Not The Time To Be Silent

It has been one of those weeks.  A week of challenges and a week of great things.  At the same time.  Mainly a week that has taken all my emotional strength – and drained it.  Apparently, my mental energy drains right alongside my emotions.  I was content to skip posting today (which typically stresses me – but, like I said…zapped) but God so sweetly spoke straight to my heart this morning during devotions with my husband.  He reads from the Bible and from a devotional book as well.  The book we are using – Trust and Obey by Paul Chappell – was written two years ago…but today’s words seemed as if they were written specifically for me.  For right now.  This day in 2020. I love it when God does that!!  It has happened in conversations, through sermons and even blog posts and it is not a coincidence.  It is God – speaking to me!  And what a gift it is!  Here are just a few thoughts from this morning:

“….one of the common responses to hardship and enmity is silence…..But it is in the moments of challenge that our voices are most important.  The opening of our mouths in praise and worship to God is not optional in the Christian life.  The silent Christian is a disobedient Christian.”

“God created us to praise Him, and this is just as true in difficult times as in times of blessing.”

Amen and yes indeed.  Powerful, encouraging…and convicting.

I have always had less than stellar hearing – even as a child.  I was often told that I was too loud – and (strongly) encouraged to stop talking so loudly.  I blame my hearing.  Whatever the reason, somewhere along the way I learned to withdraw.  If I didn’t talk, I would not get in trouble for being loud and, if I wasn’t engaged in talking, I would withdraw into my thoughts, etc.

As well, I have never really enjoyed loud.  Loud music.  Loud conversations or voices.   Even celebrations that become loud.  Loud noises always startle me and other types of loud (whatever they may be) either frighten, annoy or irritate me.  Either way, I typically withdraw.  Being a skill learned early, it comes naturally for me.  However, this defense often overflows into other situations where I feel overwhelmed.  The more tired, drained, hurting, griefing or even overwhelmed with wonderful emotions I am, the more silent I become.  The “loud” of life makes me silent.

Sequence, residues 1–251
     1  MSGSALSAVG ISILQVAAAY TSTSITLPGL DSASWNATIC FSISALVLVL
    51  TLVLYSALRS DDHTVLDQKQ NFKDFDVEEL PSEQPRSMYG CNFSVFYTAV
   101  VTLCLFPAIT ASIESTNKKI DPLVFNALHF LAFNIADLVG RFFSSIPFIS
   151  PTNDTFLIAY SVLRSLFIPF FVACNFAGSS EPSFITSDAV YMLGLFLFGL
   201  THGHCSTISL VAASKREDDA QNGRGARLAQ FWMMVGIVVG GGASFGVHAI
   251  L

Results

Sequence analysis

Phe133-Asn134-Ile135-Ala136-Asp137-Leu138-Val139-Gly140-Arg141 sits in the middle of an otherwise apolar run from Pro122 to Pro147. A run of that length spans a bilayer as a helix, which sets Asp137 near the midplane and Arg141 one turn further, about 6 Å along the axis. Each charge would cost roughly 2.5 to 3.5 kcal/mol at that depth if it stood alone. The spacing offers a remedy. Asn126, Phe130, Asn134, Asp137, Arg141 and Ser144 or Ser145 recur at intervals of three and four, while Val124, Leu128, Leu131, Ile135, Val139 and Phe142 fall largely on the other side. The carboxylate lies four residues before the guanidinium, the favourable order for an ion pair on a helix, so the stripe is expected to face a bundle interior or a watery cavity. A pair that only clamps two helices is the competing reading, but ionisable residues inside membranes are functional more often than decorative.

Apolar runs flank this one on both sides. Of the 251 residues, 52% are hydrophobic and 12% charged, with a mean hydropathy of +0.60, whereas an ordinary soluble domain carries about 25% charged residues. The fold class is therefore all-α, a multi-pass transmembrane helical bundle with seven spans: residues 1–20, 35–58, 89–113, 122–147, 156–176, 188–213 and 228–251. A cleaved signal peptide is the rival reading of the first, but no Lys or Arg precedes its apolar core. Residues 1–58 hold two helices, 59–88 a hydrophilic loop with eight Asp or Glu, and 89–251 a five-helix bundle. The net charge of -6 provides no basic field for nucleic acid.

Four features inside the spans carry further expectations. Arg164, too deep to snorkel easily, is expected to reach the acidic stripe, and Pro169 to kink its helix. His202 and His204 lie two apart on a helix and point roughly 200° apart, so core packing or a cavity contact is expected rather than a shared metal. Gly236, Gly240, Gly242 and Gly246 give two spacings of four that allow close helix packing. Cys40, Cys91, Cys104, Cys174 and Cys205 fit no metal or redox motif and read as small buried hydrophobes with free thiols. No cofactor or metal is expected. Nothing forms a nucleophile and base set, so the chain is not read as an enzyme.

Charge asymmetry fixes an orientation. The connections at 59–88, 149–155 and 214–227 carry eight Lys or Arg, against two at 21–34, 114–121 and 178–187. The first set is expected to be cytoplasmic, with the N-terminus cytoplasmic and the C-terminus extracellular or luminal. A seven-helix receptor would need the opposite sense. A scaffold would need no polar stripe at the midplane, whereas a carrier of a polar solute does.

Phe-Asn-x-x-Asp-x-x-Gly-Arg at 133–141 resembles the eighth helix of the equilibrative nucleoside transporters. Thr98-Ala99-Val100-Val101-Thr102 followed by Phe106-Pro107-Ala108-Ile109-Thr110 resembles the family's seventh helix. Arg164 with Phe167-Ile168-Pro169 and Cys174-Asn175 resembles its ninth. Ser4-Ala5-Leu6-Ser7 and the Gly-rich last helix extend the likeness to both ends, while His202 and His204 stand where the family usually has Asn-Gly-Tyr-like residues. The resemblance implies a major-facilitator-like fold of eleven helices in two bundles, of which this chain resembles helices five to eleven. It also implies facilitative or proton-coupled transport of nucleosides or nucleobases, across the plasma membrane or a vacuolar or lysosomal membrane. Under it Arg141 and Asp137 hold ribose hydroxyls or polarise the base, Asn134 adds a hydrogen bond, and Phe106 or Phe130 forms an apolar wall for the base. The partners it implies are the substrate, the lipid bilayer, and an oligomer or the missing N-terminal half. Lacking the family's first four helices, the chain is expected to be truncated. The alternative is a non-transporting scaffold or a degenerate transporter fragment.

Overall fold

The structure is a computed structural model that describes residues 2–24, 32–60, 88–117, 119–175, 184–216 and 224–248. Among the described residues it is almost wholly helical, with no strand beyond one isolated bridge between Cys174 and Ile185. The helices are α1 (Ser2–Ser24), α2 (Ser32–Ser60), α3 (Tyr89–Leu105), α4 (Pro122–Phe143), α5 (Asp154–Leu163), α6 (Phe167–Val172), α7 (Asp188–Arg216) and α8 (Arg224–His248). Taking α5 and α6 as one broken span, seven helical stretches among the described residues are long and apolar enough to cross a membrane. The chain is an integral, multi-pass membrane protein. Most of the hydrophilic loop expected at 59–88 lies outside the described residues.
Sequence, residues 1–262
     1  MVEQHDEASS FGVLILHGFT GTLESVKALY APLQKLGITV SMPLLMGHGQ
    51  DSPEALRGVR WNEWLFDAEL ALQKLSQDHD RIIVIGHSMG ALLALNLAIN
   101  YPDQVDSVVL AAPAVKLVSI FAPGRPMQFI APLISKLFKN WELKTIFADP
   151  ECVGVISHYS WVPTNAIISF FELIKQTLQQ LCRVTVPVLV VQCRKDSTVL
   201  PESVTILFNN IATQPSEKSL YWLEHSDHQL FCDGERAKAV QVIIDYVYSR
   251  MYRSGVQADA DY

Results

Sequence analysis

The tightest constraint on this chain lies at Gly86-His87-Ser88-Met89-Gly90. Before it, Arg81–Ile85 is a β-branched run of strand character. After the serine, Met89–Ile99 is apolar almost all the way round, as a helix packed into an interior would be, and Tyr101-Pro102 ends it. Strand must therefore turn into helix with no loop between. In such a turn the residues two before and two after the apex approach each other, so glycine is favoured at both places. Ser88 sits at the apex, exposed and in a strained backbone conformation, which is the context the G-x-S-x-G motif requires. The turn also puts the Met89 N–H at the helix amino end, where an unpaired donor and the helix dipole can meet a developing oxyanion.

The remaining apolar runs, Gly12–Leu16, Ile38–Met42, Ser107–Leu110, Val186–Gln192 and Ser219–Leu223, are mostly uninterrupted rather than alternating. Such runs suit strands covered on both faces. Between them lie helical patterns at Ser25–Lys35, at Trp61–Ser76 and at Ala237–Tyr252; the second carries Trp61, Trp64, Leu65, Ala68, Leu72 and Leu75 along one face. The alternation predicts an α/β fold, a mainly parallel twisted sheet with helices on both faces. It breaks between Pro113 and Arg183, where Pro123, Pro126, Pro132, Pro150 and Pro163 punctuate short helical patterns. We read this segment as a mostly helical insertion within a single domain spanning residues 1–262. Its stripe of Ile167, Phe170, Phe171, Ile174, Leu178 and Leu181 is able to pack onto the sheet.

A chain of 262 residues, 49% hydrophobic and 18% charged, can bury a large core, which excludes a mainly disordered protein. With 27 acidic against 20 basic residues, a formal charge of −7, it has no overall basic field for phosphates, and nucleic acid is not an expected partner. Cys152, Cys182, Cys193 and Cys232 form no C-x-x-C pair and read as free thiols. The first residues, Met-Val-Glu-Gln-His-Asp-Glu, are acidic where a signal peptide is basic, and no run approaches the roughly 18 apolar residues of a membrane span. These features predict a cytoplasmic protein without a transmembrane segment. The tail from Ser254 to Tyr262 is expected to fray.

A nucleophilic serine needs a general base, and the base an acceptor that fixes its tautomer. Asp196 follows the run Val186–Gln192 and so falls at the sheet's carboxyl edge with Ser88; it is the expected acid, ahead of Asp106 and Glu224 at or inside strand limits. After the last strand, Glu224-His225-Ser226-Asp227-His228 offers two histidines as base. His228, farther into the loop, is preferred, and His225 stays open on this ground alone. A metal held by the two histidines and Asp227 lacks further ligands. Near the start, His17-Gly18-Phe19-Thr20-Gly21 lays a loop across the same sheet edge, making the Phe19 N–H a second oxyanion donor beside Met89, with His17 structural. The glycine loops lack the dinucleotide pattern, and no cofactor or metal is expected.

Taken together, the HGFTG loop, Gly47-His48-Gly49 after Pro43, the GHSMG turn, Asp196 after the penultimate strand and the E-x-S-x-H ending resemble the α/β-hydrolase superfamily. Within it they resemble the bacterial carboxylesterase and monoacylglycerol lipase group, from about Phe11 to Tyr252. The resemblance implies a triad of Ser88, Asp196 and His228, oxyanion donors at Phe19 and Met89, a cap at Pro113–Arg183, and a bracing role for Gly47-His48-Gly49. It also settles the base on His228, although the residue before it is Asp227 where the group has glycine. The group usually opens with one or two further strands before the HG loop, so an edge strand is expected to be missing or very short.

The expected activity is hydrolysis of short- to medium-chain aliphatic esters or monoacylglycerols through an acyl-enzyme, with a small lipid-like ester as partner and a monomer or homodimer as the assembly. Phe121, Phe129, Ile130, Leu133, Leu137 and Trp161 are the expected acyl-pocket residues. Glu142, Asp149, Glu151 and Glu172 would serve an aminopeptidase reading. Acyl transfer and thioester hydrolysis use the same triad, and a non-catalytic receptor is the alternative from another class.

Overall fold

And, yes, there are times when I need to remain quiet.  I appreciate that.  However, there are so many more times where I need not only to refuse the retreat but also to speak up.  To use my voice – in spite of the loud, over the loud or even to calm the loud.  To calm the noise in my own heart.  It takes wisdom to know the right words to say and the right time to say them.  Often, it takes courage.  But the best place to start is with praise.  Praise, worship, gratitude.  These words should not remain unsaid.

I’ll end with part of a quote from Charles Spurgeon – also taken from today’s devotional.  Spurgeon said, “Doth not all nature around me praise God?  Doth not the thunder praise Him……the mountains…the lightning??  Hath not the whole earth a voice? And shall I, can I, silent be?”

Wonderful thoughts to ponder.

18 thoughts on “Not The Time To Be Silent

  1. I loved your reflections here and I’m glad you wrote! I also have a tendency to withdraw and have to push myself to use my voice and speak up.

  2. Your quote from Spurgeon reminds me of Psalm 19 which says that the heavens proclaim God without ever saying a word. It is written more beautifully than I can do it justice here.

    Amie, FMF #14

    1. Oh so hard!! Sometimes my being silent is not simply withdrawing…but a lack of courage. I don’t think I very often err of the side of speaking too soon or at the wrong time – but I’m good at it as well:)

  3. Through most of my life silence was what others dearly wished from me…

    I’m the beating heart of ‘party’,
    the laughing soul of bonhomie,
    but when I get too hearty,
    it’s “Dude, can you more silent be?
    We all know that you like to sing
    (and your voice makes that a pity),
    but really, mate, here’s the thing:
    How can YOU feel pretty?
    And dancing to your singing;
    do you know just how that looks?
    And your whirling arms are bringing
    down shelves full of beloved books.
    We know you love that Broadway show,
    but is that the only song you know?”

    1. Do doubt that was indeed some of the motive behind those years of “be quiet, please!” Thanks for the laugh, Andrew!!

  4. I loved reading this. This resonates with me as someone who lives a lot on her own head, the ‘loud’ of life tends to silence me too. But God delights in the praises of his people and so praise and worship is a habit I have developed over the years even when I’m ‘silent’. I’m glad you wrote today:)

  5. I am so glad you decided to still write today! This was such an encouragement for my heart. I find when my heart is most troubled it really helps to listen to worship music and lift up my heart in praise and worship to him.


    1. Thanks so much, Annie! I’m glad my thoughts could be an encouragment…and glad that I decided to post!! Thanks for stopping by –

  6. Like you, Jennifer, I tend to withdraw when things get loud too. I become the outside observer, never truly engaging. The thing is, soemtimes God’s inviting me to engage—with Him, with others. And that often means stepping into the loud intentionally and with an open heart. And yes, using my voice.

    Great thoughts here, friend.

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